International renowned economist Dr. Razeen Sally says that the incumbent government in Sri Lanka came to power without an economic plan and never developed one and that with elections coming up the country is faced with a choice between “the devil and the deep blue sea”.
The Sri Lankan-born economist, who is a Visiting Associate Professor of the Lee Kuan Yew School of Public Policy at the National University of Singapore, made these comments while delivering the 69th anniversary oration of the Central Bank of Sri Lanka (CBSL) yesterday (11).
He made critical observations on the policies of the former government, the change of government in January 2015 and what has happened since then.
Speaking on the change of government, he said it was not an “economic crisis in the classic sense”, but it was still nevertheless “a once-in-a-generation window of opportunity” for a combination of liberal and economic reform in Sri Lanka. Probably the best since 1977, he said.
He said that Prime Minister Ranil Wickremesinghe certainly thought of it that way and that he and other senior UNP politicians in particular have “intermittently paid lip service” to it since.
Dr. Sally said that on the political front they have seen modest successes and that he suspects that those successes are not major enough not to be reversed in the near future. “I have my worries about that.” He said.
However, he said that on the economic front it failed comprehensively. He said Sri Lanka had some modest success with macroeconomic stabilization not least to correct the excesses of the present government as well as the excesses of the former government.
“But I wonder that will hold into the medium term. I have my doubts about that as well,” he stressed.
Dr. Sally also shared a couple of observations on his three years’ experience as, what he termed was “a failed policy advisor” to the government of Sri Lanka.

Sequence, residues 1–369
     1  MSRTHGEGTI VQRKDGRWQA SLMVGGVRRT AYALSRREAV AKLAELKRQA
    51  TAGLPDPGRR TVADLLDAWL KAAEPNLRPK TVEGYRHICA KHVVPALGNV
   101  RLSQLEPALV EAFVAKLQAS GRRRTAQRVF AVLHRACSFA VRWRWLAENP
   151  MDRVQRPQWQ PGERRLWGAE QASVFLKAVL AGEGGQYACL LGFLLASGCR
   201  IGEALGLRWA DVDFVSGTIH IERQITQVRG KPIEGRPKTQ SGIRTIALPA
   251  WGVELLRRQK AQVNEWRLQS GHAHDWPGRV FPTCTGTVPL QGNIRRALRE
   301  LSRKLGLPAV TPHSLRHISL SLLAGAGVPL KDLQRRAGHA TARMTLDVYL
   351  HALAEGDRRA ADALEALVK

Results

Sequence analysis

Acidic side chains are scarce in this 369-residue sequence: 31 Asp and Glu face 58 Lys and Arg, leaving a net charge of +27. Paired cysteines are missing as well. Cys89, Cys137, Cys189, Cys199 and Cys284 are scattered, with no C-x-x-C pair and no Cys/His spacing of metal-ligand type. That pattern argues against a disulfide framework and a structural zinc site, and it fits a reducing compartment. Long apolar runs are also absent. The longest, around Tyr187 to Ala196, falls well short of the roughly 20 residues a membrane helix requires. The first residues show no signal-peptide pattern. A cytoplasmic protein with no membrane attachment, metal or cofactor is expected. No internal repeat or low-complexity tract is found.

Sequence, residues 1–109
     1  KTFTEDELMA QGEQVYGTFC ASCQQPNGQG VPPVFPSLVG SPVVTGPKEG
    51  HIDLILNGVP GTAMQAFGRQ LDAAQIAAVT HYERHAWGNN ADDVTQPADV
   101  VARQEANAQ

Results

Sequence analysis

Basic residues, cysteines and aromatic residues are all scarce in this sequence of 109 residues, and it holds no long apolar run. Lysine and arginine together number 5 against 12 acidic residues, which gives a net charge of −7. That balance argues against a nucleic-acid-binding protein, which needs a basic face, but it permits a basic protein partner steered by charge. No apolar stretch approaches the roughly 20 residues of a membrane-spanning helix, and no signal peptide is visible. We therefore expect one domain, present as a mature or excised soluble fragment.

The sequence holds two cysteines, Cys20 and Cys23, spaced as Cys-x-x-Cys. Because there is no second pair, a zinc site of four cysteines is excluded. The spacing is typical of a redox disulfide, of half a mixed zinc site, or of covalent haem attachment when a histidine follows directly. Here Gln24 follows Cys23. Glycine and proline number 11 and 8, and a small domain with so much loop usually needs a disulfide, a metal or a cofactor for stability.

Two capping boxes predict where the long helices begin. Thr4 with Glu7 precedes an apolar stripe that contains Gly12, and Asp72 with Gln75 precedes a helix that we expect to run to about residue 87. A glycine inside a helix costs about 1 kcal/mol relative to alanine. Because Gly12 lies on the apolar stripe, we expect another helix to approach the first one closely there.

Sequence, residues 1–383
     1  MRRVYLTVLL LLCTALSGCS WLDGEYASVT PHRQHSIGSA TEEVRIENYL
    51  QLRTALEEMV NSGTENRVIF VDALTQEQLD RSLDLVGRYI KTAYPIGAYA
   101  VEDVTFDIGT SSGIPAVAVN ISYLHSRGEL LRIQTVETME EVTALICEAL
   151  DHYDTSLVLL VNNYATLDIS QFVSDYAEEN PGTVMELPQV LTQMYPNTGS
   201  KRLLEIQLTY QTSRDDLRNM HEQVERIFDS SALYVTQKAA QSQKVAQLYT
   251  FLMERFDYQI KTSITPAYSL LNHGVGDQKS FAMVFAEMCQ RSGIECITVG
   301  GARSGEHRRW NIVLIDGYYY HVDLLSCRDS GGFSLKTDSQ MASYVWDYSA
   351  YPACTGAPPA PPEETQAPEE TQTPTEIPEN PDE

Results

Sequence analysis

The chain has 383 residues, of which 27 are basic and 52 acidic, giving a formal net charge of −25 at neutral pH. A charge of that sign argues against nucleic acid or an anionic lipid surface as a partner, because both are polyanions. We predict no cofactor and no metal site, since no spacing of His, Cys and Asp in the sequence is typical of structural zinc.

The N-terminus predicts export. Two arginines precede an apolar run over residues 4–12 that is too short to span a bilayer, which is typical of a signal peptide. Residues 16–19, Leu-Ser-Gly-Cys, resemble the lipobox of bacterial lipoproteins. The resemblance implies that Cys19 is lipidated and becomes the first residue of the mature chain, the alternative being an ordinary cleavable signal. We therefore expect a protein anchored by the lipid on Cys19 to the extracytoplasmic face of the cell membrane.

“I have two main set of observations” Sally said.
“The first is that this government came into power with almost wholly devoid of talent and expertise, quite in contrast to the economic team that was put in place soon after July 1977. LTTE and JVP in combination did a spectacular job at destroying the best of Sri Lanka’s political elite and the new government also came to power without an economic plan and it never developed one. What it eventually came up with was two things, firstly a “Christmas tree wish list” of things that going to happen by 2025 and secondly “rhetorical nonsense” about a Sri Lankan takeoff and Sri Lanka becoming the next Singapore, Which I considered to be an “Orwellian doublespeak”, he said.
“The second major observation I have made was the dire state of the Sri Lankan state or in the academic jargon a serious lack of state capacity and I came to the conclusion quite quickly that even fairly simple reforms were difficult and perhaps in some cases impossible to push through because of the “dysfunction of the Sri Lankan state.”
However, he said that it’s not a Sri Lankan exception. “You find echoes of these in other parts of the world as well,” he said.
Dr. Sally said that with elections not far away there is no sign in the foreseeable future of that first scenario of takeoff.
“Rather I think what Sri Lanka is faced with is a choice between two other scenarios. What I think is on offer in one scenario is continued dysfunction and incompetence where the role of the state still remains too large and the role for markets too restricted.”
“The other scenario, the other choice is for relapse with another decisive shift towards the state and against the market,” he said.
“It is as if Sri Lanka is faced with the choice between Scylla and Charybdis or put another way between the devil and the deep blue sea.”
“My worry is that institutions in Sri Lanka, public institutions in particular remain too fragile. More fragile than I think many in the Colombo chattering class appreciate.” Sally added.